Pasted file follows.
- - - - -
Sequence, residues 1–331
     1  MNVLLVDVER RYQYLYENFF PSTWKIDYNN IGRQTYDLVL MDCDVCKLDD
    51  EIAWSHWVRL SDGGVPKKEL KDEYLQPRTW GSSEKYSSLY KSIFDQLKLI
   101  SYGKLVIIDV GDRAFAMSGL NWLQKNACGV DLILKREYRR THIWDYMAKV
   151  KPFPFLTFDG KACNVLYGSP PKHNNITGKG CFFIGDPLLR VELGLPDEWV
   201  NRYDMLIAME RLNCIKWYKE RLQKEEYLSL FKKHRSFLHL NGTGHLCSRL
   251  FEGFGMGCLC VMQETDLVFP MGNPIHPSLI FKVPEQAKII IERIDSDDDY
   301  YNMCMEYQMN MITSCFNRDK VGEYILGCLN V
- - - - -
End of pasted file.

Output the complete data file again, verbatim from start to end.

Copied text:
Sequence, residues 1–331
     1  MNVLLVDVER RYQYLYENFF PSTWKIDYNN IGRQTYDLVL MDCDVCKLDD
    51  EIAWSHWVRL SDGGVPKKEL KDEYLQPRTW GSSEKYSSLY KSIFDQLKLI
   101  SYGKLVIIDV GDRAFAMSGL NWLQKNACGV DLILKREYRR THIWDYMAKV
   151  KPFPFLTFDG KACNVLYGSP PKHNNITGKG CFFIGDPLLR VELGLPDEWV
   201  NRYDMLIAME RLNCIKWYKE RLQKEEYLSL FKKHRSFLHL NGTGHLCSRL
   251  FEGFGMGCLC VMQETDLVFP MGNPIHPSLI FKVPEQAKII IERIDSDDDY
   301  YNMCMEYQMN MITSCFNRDK VGEYILGCLN V